Baton Rouge-based The Water Institute of the Gulf, the Port of New Orleans and Louisiana Economic Development have partnered on a new smart port initiative aimed at streamlining operations and improving safety along the Mississippi River.
As part of the initiative, the Water Institute of the Gulf will install data sensors on tugboats and other vessels navigating the Port of New Orleans district. Those sensors will detect sediment levels in shallow areas of the Mississippi River, giving officials a real-time picture of the bottom of the river. The information helps promote safety for those on the river and provide data for future dredging decisions.
Helping ports along the river get ahead of their dredging needs also comes with climate benefits, like reduced emissions through construction, says Justin Ehrenwerth, president and CEO of The Water Institute of the Gulf.
“Dynamic water levels, sedimentation and reduced visibility are major challenges for ports all along the Mississippi River and beyond,” Ehrenwerth says. “Leveraging existing technology and developing new predictive tools will allow us to address some of the most pressing challenges of today while anticipating those of tomorrow.”
A second phase of the project will digitally connect container depots, road transporters, dock terminals, shipping lines, warehouses and cargo operators to coordinate the port’s supply chain. While this phase creates a unified digital command at the New Orleans port and on the Water Campus, officials believe the model can be applied to ports across the state in the future.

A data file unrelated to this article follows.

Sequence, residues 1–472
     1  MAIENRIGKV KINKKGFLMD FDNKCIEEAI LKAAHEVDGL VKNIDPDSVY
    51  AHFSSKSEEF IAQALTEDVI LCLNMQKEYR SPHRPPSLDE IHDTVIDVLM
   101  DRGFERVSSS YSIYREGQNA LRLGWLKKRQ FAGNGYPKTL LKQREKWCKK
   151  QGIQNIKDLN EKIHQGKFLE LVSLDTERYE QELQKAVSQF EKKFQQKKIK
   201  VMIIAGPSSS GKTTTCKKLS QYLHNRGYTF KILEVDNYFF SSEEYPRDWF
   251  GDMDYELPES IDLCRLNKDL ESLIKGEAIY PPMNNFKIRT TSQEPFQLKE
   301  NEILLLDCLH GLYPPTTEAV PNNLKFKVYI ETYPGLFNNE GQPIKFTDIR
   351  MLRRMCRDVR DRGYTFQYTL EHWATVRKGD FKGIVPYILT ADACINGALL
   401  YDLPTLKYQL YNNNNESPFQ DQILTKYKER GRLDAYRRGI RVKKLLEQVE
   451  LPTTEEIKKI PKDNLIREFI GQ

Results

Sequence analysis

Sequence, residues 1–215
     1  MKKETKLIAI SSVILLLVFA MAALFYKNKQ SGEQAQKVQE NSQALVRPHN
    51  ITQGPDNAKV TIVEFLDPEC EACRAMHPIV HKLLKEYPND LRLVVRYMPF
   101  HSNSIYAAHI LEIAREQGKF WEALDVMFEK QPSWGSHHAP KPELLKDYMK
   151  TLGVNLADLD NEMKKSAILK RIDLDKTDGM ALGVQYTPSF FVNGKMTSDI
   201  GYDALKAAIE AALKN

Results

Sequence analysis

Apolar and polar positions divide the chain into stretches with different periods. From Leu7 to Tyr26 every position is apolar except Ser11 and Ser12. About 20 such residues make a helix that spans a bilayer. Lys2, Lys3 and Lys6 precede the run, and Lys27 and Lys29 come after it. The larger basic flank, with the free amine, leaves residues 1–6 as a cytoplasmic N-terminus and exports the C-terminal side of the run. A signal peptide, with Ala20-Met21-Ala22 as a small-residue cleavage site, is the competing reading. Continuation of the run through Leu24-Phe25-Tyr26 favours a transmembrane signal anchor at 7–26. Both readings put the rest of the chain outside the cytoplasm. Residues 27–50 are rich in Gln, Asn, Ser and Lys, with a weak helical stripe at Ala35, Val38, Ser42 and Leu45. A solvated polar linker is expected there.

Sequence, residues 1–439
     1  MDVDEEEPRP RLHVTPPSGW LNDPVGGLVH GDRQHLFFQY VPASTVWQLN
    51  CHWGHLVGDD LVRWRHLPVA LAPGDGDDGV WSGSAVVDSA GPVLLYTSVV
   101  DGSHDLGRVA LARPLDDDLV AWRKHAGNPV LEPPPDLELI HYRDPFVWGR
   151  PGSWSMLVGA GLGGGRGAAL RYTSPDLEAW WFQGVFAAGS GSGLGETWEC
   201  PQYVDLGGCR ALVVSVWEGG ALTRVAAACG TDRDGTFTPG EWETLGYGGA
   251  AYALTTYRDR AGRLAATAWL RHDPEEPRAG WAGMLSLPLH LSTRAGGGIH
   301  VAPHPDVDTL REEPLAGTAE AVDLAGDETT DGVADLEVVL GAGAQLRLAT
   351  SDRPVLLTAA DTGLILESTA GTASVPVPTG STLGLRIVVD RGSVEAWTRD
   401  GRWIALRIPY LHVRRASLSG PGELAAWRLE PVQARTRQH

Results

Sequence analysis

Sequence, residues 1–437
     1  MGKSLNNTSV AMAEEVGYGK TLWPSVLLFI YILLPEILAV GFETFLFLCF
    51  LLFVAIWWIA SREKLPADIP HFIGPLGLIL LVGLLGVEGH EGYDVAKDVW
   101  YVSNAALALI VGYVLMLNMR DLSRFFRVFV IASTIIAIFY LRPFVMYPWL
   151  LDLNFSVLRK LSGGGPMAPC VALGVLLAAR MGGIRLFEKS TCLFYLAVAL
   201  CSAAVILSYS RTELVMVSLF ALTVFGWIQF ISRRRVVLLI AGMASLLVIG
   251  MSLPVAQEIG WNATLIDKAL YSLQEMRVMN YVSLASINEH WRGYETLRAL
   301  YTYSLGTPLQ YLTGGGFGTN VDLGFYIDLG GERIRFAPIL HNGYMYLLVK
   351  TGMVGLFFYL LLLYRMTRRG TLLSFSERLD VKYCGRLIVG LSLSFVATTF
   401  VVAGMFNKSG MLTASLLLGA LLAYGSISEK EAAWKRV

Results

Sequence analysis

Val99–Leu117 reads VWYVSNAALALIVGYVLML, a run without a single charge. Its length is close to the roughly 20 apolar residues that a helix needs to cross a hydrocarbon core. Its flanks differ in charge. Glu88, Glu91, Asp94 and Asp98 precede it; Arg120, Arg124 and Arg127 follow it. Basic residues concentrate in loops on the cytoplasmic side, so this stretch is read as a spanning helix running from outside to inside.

The partnership between the Water Institute and state and local port authorities will also help support the institute’s expansion. For the initiative’s third phase, the Water Institute plans to build a hurricane and flood risk center to support the Governor’s Office of Homeland Security and Emergency Preparedness, the Louisiana National Guard and other emergency management partners. That risk center would model data to enhance preparation for, and response to, coastal and inland flooding events.
While the Port of New Orleans is paying the Water Institute $125,000 to complete the first phase over a two-month period, LED is pursuing federal funds to advance the second phase. Officials didn’t release a timeline for the project, nor did they release estimates on how much the second or third phases of the project would cost.